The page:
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Here are some questions being asked on social media that we could put into a petition and send round MPs to get all their answers.

MPs are allowed (ought to) consult scientists and researchers plus people on the frontline. Let us see a sign that our government puts the wellbeing of the nation first. What is a country for if not for its people.

First Chris Morrison
@CMorrisonEsq

Nearly 2,000 UK people die daily

The relevant Covid questions are:

1 How many people would have died already if this year’s winter had not been exceptionally mild?

2. How many very old people will die anyway in the near future?

3. How many died with Covid not because of it?

Bob Maxx @Bobmaxx
Replying to
4. How many lives were saved by our distancing and hygiene – that would have died of the flu?
Others (mine so far), please add in comments. We could collaborate on a people’s petition.
5. when will tests be widely available?
6. When will health workers stop being put at risk? where is the right protection equipment?
7. What is the exit strategy from lockdown?
8. Why are flights landing in UK without quarantining people? (23 March, so may be resolved by now)
9. Why aren’t police ensuring people are social distancing?
10. Are we asking for help from other countries?
11. Why did early warnings about taste and smell and being out in the sun get so quickly silenced?
12. What is happening in other countries each day?
13. How are people being assured of shelter and food?
14. When is the plan to end the lockdown (yes, most other countries have targets for this). what is the strategy to get there?
15. How is tax going to be collected fairly from multinationals, instead of high earning professionals forcing them to retire early?
16. When is Westminster going to sign up to the Transparency Register so we know how much time lobbyists are getting?
17. When are conflicts of interest going to be blocked from policy making?
18. When are the press going to be watchdogs for public interest not guard dogs for the establishment.
19. What if all countries reported their total deaths (daily, weekly, monthly) and set it against their usual figures by month to compare across regions and like for like?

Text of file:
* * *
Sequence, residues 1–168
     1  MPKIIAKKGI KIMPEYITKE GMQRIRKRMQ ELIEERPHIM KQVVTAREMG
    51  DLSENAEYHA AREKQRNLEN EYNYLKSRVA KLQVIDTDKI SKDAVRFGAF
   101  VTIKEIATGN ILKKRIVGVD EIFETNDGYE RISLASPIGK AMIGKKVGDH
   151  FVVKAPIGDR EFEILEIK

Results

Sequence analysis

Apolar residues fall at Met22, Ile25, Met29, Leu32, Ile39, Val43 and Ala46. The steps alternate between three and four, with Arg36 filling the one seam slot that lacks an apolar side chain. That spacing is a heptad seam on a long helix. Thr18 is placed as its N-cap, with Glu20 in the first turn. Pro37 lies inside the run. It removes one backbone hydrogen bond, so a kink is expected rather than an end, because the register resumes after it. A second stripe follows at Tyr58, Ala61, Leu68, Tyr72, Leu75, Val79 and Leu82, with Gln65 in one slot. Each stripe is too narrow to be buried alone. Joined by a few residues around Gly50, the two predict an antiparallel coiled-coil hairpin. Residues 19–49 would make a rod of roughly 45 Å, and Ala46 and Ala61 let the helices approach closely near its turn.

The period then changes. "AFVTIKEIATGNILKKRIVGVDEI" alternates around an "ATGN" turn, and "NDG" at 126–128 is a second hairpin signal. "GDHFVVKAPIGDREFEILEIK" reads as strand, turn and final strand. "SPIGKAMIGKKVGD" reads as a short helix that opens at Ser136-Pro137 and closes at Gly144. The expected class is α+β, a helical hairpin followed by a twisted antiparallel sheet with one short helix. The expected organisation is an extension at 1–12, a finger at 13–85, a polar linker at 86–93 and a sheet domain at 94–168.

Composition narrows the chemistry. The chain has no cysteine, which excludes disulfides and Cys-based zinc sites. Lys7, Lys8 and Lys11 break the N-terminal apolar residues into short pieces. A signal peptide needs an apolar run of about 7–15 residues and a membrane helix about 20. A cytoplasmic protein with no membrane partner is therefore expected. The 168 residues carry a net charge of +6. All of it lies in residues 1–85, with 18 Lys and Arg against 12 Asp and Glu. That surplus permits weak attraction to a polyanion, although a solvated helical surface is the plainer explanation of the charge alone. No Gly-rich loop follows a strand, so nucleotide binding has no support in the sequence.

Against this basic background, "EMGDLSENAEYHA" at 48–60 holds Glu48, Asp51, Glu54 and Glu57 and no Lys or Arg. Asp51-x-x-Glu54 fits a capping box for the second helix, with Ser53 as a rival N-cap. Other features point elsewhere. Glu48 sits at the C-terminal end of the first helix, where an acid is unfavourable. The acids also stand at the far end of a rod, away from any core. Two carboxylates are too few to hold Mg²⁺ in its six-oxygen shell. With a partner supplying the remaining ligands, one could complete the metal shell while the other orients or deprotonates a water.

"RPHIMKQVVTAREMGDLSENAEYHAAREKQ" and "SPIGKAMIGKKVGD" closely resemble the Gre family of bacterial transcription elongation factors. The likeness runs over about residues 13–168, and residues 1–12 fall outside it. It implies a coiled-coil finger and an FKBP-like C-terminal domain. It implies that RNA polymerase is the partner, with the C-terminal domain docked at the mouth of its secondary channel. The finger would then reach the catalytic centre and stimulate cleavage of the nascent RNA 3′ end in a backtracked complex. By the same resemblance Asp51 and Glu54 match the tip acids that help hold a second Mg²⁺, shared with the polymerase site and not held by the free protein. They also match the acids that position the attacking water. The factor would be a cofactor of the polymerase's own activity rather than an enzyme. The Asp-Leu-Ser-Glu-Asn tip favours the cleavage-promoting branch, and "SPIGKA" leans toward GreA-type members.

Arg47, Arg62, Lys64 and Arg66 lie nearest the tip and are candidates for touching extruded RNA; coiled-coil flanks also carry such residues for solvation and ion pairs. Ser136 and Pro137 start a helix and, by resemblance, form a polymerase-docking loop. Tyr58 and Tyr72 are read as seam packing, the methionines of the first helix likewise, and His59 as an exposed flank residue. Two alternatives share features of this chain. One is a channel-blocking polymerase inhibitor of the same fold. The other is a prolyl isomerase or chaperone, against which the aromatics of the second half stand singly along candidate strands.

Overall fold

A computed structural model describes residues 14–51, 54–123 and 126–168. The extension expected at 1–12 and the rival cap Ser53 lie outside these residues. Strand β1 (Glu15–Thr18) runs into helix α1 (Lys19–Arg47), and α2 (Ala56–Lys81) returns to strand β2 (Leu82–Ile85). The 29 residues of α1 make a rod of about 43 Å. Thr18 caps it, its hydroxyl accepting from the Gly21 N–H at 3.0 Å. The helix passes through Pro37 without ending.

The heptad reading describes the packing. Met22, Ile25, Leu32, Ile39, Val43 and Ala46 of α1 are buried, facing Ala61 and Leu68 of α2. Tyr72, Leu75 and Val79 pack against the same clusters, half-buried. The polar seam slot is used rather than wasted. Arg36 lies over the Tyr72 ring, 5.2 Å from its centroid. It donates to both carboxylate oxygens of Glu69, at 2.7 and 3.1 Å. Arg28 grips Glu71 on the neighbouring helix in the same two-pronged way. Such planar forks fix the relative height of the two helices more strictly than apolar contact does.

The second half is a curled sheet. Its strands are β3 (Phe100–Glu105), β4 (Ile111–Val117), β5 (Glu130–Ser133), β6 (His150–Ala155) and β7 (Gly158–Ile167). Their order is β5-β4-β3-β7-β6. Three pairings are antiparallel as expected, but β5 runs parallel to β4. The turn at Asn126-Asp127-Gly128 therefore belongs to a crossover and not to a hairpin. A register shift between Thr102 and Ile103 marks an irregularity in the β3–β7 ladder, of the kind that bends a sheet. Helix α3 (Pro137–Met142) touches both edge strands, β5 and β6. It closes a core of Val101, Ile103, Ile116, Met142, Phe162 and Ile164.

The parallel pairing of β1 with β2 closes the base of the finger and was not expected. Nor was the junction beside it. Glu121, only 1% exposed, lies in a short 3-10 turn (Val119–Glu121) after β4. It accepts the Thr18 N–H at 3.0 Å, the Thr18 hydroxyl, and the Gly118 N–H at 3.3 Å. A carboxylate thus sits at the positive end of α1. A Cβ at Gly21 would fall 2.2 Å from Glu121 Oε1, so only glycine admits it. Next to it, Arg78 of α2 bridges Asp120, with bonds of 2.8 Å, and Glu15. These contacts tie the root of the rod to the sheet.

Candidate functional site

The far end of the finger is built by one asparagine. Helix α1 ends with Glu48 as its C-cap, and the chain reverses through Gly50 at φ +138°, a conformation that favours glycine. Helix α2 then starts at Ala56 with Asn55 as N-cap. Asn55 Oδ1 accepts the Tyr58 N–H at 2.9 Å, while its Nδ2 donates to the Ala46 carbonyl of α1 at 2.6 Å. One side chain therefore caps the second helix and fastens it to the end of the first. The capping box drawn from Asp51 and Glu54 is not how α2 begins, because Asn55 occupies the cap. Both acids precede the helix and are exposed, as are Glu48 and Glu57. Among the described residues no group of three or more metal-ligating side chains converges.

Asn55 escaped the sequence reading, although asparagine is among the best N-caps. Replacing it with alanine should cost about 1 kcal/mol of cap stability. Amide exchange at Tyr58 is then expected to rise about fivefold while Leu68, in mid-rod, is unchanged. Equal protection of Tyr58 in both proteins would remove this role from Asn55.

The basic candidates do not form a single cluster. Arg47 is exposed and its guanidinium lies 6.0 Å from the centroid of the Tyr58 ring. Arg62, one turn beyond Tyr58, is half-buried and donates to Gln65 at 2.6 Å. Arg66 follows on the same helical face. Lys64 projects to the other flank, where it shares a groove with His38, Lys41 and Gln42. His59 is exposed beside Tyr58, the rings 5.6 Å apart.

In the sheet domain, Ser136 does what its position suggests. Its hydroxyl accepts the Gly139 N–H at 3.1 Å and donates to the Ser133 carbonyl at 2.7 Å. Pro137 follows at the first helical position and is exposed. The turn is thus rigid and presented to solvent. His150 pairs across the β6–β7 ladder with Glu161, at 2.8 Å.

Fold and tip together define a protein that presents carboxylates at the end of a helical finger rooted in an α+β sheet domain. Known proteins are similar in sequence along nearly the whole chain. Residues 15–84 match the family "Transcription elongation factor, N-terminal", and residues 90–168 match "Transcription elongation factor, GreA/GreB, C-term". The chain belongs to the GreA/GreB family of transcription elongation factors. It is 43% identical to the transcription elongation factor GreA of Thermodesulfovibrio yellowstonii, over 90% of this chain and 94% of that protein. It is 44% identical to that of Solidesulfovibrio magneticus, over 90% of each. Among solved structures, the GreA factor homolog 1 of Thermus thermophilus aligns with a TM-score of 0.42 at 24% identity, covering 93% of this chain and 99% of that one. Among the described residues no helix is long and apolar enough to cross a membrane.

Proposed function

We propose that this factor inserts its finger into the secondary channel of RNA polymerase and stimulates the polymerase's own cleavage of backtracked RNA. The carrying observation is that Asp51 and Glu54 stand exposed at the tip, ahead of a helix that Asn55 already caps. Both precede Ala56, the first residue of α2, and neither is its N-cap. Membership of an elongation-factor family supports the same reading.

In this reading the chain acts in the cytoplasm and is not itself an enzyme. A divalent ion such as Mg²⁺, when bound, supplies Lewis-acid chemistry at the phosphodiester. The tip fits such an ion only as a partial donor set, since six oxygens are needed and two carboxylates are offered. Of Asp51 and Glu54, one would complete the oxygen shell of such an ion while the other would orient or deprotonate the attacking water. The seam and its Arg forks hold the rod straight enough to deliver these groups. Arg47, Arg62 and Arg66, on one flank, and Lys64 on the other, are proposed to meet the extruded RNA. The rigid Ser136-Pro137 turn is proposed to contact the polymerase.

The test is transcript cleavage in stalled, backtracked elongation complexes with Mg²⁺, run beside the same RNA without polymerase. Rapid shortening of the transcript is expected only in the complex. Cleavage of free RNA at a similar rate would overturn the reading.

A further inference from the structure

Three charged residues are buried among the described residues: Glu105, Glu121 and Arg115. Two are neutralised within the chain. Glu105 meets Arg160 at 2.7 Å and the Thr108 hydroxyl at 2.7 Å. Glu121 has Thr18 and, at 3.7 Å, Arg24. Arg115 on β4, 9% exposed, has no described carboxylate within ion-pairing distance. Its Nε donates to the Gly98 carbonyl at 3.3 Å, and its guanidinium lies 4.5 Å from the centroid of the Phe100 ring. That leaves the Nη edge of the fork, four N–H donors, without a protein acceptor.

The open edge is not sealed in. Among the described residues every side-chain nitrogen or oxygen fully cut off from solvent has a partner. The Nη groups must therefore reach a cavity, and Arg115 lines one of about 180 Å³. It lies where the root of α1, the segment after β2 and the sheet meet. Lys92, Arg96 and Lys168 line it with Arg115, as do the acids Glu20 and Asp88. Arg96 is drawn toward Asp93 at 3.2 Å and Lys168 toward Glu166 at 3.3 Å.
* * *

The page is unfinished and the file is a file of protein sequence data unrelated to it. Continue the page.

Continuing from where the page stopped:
20. In December 1952, 12,000 people choked to death in London because of the Pea Soup Fog that polluted London in the rise of the motor car and as the country recovered from the war (rationing was still in place). The outcome was to prevent fires in houses in London. People’s homes must have been very cold after that.
Here is an excerpt from the article about the Great Smog, to see parallel with our times today:

The deadly smog prompted the British government — after much denying any connection between the deaths and pollution — to pass the world’s first Clean Air Act. Christie’s horror story, on the other hand, led to the abolition of the death penalty years later. A neighbour of Christie, named Tim Evans, was accused of killing his own wife and child and executed before Christie confessed to the murders — a wrongful conviction that riled the public.

For Dawson, the way the media — and the public — reacted to both stories at the time is very telling of how the world still works to this day. Outlandish tweets and headline-grabbing news often get the most attention, sometimes overshadowing more important stories, she says. “All of this to me just resonated in our time period, and so I thought the juxtaposition was really important,” Dawson says.

Will our governments and today’s social media get their priorities straight. Window dressing is not as important as what is going on behind the windows.

In Microsoft Edge the ‘upload files’ button just does not respond. It is dead. Will add picture from Mac where things are much more logical, straight forward and less unwanted functions constantly activated by muscle memory.

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